I've found myself for the past week or so calling into question all of these things around me and wondering just exactly what I need. I drive a very nice car, when really something with wheels and an engine would do just fine, for example. As my day goes on and I interact with more and more of this stuff that is, at its core, totally made up, little things start to seem superflous.

We have all of these protocols for things like driver's licenses and Bachelor's degrees and line cutting policies at theme parks and what to do if you're seated in an emergency exit row on an airplane and the baffling thing to think about is every one of these things is completely contrived. Were we, as humans, meant to be able to propel a piece of buffed, waxed, curvy machinery using a series of pistons and controlled explosions in order to get from one place to another? Were we meant to be able to store 120 GIGABYTES of music in one location to access at any time?

Then it moves to things like: Is it natural for this world that used to feel like everything that could exist to start to feel somewhat hokey and contrived? Why do I feel like we are missing the point of all of this ridiculous stuff that we have when it literally begins to control us? What in the world could I possibly gain by clicking over on the open Facebook tab I have sitting just to the left of this one out of compulsion to see what other people are up to?

Paul seems to have thought about some of these same things and felt similar feelings towards them (although they clearly were not iPods or cars, etc) and come to the conclusion that we are not of this world when we are found in Christ. I have read that part a million times in my life but when he says, "For our citizenship is in heaven, from which we also eagerly wait for the Savior, the Lord Jesus Christ, who will transform our lowly body that it may be conformed to His glorious body...." (Philippians 3:20) I HAVE to believe that he was questioning the legitimacy of his surroundings. He knows, beyond a doubt, that all this stuff that's here is all well and good, but it's not us. Our citizenship is not here, so there's a reason that this should not feel like home, because frankly this place isn't even worthy to think about the dwelling place of the Almighty, even though we do.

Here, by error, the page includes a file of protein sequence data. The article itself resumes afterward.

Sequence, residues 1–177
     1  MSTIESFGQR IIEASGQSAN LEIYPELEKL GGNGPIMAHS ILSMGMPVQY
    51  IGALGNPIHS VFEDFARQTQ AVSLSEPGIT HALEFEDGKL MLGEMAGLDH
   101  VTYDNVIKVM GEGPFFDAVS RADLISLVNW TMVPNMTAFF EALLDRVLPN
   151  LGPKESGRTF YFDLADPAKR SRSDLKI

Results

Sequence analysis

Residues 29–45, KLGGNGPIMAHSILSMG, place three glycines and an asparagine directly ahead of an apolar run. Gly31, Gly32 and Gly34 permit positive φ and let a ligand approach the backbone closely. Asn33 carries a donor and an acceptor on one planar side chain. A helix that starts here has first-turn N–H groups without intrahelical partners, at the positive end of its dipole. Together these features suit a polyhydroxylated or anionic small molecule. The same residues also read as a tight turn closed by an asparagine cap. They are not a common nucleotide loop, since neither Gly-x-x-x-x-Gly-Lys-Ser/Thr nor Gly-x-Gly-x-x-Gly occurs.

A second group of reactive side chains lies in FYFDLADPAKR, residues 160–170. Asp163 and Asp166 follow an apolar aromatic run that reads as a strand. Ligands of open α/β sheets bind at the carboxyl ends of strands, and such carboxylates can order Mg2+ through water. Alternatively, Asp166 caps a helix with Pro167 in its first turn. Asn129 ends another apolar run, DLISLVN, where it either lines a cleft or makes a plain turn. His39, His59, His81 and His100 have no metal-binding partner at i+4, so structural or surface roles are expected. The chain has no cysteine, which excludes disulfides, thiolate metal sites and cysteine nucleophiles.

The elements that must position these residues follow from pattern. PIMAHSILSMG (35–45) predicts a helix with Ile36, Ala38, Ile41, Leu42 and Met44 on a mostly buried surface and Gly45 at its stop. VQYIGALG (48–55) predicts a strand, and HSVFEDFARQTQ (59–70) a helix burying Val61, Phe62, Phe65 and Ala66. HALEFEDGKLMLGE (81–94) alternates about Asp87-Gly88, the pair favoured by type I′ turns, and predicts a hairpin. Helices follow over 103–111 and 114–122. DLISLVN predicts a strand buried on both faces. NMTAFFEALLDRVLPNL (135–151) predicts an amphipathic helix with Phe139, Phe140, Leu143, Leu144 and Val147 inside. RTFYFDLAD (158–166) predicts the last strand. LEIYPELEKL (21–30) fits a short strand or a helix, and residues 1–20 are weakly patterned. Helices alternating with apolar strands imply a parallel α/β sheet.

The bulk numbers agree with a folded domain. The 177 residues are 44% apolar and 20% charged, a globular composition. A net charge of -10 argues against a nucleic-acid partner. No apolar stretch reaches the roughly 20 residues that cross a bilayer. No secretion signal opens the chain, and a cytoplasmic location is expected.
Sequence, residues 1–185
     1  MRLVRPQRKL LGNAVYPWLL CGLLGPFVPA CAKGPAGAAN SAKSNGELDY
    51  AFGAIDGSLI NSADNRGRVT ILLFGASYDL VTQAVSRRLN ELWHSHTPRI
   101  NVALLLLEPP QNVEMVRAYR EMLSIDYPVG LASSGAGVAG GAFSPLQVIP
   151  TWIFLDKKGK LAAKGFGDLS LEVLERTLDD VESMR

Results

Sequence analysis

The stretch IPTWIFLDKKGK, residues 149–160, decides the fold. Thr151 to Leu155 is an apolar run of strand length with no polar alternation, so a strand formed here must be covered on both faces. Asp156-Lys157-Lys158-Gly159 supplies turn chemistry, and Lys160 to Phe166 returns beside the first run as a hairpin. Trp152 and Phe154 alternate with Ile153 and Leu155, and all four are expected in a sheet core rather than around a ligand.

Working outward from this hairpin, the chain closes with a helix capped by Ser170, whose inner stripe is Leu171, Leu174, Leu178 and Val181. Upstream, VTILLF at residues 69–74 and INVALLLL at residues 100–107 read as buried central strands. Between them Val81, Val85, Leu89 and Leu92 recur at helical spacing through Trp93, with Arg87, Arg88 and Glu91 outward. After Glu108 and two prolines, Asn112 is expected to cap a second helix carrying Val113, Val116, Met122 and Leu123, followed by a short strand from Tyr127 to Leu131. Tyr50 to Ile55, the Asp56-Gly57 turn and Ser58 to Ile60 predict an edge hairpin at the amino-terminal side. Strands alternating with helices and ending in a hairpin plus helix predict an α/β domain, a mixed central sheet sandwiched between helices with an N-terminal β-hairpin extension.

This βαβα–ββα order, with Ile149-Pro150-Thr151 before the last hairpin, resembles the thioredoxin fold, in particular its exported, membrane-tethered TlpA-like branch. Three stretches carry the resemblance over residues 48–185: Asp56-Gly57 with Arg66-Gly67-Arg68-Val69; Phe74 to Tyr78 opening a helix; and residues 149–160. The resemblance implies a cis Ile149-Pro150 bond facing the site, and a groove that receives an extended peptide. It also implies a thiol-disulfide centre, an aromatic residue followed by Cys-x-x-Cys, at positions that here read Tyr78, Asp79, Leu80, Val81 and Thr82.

It is a strange feeling, indeed, when things appear to you as hollow alloys and plastics and items made by sweatshop labor. I'm not at all even starting to begin a political debate, and absolutely nothing about this is politically charged, because frankly politics makes less and less sense the more I think about it.

So to come full circle (somewhat), I'm kinda done with Facebook. Each time I had access to a computer I was checking it, most of the time several times each session and I'm just a little bit tired of it. Does all of the above mean that I'm going to sell all of my stuff and live as a sherpa wearing animal skins in the woods? Absolutely not. I love my music. I love my guitar and my pedalboard and my computer and air conditioning and fans and sleeping under tons of blankets in the winter. We humans were created with the spark of originality. We can construct computers from metal and electrical signals and I believe that God looks upon the way that these people He created use their God-given minds and smiles because creativity is part of Himself that He put in us, whether we believe in Him or not. This also must literally frustrate the hell out of Him because so many of us humans shake one fist at Him in anger or turn around and state that He does not exist, while we, with the other hand, demonstrate a small spark of Himself that was put into us. That separates us from the beasts.

Does He look at the depravity into which we have dug ourselves with the things we made using His gifts and shake His head and turn His back and whisper "be gone with them?"

No.

He looks at us with His arms spread, just waiting for us to take the hint.

Hamilton Barber

The subject of this page is an introverted writer/musician/lunatic from Chattanooga, TN who dabbles in lexical dexterity, unorthodox thoughts on prosperity, and being overwhelmingly undeserving of the privilege of waking up every day. He hopes that everybody who reads these words takes them to heart and leaps higher than he ever could. He reads, thinks, and speaks too much; he listens, works, and loves too little; and he says “I” entirely too often. The words on these pages are not his: they are the words that were given to him.

>Identity

>I know, I know, it's about a week dated. I just haven't found time to update anything and figured this was worth sharing!

I find myself in North Carolina this morning on a much needed break from Chattanooga and the monotony of the everyday things thereof. I'm sitting in the kitchen of my Aunt and Uncle's house with Lake Norman at my back and a breeze rolling through the leaves and in through the open window beside me, and reaching the conclusion quickly that the most important thing for the mental health of a human being is escape. We have to get out of the little boxes into which we are confined by schedules and cell phones and deadlines and, believe it or not, our friends, in order to figure out exactly what it is that makes us tick. We crowd ourselves with things hoping that the more stuff we pack into our surroundings the closer to what people for centuries have referred to incorrectly as enlightenment we become, when in actuality it just sparks a deep insatiable lust for more of that stuff... because it provides a comfortable mask to what the real issue at the core is.